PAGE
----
Contracts: The real role of paper in the business transaction
Conversations are always best for solving the many inevitable small disputes that come with this kind of work. We aim to always have them in person if possible – We believe this is natural to building a solid client relationship.
A contract is designed to protect both parties on the occasion that things go wrong in a business transaction because nobody can predict the future. Once both parties have signed the contract, it is then put away and only referred to if a breach of contract is suspected, In that case, we promise to voice those concerns as soon as possible. A contract is what we need to start building trust between all parties. Both parties must make sure they understand everything they agreed to by starting work together.
A contract will explicitly state, with definitions:
The ground rules for working together,
How much money is exchanged and at what phase in the project,
What are the deliverable assets and when are they due,
What are the project phases,
What happens if there is a delay,
Who has the rights to what? What rights do the client get and when? Which do we retain?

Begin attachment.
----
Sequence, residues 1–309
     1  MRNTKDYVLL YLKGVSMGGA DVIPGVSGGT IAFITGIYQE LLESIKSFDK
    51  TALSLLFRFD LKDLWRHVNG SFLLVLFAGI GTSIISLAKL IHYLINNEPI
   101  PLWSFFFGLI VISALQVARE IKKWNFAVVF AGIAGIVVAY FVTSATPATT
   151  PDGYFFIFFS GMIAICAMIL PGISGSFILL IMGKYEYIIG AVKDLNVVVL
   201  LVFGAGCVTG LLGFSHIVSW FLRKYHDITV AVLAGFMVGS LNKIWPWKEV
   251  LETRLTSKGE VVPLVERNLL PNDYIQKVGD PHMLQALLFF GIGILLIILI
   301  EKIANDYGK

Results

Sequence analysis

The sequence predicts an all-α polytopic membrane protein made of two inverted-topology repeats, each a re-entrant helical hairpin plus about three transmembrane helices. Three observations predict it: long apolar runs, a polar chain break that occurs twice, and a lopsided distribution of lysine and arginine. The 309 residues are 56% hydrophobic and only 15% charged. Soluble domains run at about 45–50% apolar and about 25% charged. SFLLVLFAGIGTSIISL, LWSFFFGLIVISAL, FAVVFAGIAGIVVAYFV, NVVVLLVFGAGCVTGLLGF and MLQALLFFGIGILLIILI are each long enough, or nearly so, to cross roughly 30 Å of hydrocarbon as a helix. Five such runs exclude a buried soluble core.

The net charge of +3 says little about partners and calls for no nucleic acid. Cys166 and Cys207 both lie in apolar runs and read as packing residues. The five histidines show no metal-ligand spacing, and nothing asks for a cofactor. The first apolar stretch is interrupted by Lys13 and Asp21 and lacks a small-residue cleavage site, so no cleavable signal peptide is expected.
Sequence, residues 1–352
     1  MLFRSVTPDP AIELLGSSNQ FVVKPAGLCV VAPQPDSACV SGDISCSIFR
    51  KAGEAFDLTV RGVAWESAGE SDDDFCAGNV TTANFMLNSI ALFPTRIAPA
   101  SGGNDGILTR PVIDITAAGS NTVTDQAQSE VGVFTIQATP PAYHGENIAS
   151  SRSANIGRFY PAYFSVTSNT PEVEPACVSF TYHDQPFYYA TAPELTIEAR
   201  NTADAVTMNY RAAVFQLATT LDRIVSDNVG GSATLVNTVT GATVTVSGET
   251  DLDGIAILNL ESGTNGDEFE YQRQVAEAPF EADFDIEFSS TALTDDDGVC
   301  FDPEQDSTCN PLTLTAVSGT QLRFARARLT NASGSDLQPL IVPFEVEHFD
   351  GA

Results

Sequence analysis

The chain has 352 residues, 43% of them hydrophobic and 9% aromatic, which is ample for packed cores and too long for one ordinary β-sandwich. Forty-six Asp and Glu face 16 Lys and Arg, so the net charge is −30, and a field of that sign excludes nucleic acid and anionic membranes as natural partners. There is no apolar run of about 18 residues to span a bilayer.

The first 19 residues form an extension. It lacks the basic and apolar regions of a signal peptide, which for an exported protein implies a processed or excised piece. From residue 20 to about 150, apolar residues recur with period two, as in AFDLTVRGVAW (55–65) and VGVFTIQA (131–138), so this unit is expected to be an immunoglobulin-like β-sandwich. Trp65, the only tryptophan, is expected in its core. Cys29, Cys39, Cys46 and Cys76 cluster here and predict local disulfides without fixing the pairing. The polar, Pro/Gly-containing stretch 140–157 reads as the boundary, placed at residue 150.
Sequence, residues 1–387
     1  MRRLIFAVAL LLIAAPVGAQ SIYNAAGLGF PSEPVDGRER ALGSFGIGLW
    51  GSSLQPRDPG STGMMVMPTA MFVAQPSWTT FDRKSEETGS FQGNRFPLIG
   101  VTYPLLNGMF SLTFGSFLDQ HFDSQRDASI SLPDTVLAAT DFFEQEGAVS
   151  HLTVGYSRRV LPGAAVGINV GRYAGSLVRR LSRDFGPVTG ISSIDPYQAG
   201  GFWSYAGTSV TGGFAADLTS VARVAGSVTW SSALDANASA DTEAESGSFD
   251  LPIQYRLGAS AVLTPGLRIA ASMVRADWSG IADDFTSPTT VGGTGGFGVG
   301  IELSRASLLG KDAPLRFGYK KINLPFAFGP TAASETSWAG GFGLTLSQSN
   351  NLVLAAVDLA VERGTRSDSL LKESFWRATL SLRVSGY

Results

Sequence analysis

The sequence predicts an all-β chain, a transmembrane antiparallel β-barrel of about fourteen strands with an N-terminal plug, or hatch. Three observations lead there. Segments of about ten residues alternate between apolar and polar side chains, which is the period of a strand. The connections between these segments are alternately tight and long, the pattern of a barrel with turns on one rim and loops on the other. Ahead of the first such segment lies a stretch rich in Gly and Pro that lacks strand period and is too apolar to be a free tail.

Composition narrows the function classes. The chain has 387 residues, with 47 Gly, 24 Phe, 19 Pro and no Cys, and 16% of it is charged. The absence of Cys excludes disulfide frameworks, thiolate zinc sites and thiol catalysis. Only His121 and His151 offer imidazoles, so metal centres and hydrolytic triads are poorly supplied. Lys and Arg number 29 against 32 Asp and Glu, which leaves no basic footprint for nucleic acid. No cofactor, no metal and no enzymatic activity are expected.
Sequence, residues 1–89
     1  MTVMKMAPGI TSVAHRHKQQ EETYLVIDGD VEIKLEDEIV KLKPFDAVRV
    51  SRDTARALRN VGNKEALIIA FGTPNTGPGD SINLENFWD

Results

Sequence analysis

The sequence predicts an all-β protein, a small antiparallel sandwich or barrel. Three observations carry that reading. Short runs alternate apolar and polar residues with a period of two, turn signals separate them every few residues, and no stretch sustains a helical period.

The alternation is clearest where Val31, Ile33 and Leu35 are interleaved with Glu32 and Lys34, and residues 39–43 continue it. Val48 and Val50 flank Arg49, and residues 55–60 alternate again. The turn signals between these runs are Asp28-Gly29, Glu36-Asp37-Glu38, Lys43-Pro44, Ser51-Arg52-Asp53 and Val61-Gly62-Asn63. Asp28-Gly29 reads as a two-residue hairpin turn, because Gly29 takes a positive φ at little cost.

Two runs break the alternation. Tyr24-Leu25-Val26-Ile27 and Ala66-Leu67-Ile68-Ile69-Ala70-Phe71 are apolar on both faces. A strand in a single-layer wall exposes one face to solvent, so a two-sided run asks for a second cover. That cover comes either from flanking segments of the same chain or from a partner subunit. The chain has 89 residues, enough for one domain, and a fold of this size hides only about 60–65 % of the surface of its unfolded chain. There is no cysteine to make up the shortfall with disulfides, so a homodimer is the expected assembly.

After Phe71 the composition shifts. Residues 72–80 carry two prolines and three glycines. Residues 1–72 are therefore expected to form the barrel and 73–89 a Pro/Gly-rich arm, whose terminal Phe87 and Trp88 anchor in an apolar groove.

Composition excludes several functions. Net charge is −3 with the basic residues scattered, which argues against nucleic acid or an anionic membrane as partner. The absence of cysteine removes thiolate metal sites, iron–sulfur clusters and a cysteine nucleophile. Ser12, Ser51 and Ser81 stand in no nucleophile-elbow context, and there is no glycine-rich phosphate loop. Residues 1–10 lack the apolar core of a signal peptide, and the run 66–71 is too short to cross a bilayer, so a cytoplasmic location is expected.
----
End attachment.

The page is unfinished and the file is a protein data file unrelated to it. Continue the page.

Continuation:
What happens when a project goes to hell,
Grounds for termination, kill fees, cancellation fees,
What exactly does “completion” mean?
What happens if clients are laid off? Bankrupt?
Is the client liable to pay our attorney’s fees if a breach of contract needs to be contested in court or if a lawyer needs to be consulted in any way?
The scope of work clearly defined. What happens if it is changed? (New contract)
IP transfers (Upon full payment)
Statements that begin with "Upon full payment of services: …..”
No work is to be started without a contract in place. A contract can’t keep things from going wrong. It will never be a substitute for a solid client relationship coupled with quality work but it is a clear necessity in our line of work.
If presented with a contract from a client, expect us to present it to our lawyer for review. Do not expect us talk to a lawyer without our own present. We will never threaten a client with our lawyer unless it was something our lawyer advised us to do.
Working with friends and family
We tend to avoid working with friends and family. (Don’t take this personally guys. Call me up, we will talk about it.) If we feel bad making someone sign a contract, no matter who it is, it’s probably best not to agree to do the work in the first place. Only if you are confident in your ability to remain professional and responsible throughout the whole process, as I must be with any client, can we hope to navigate this situation effectively.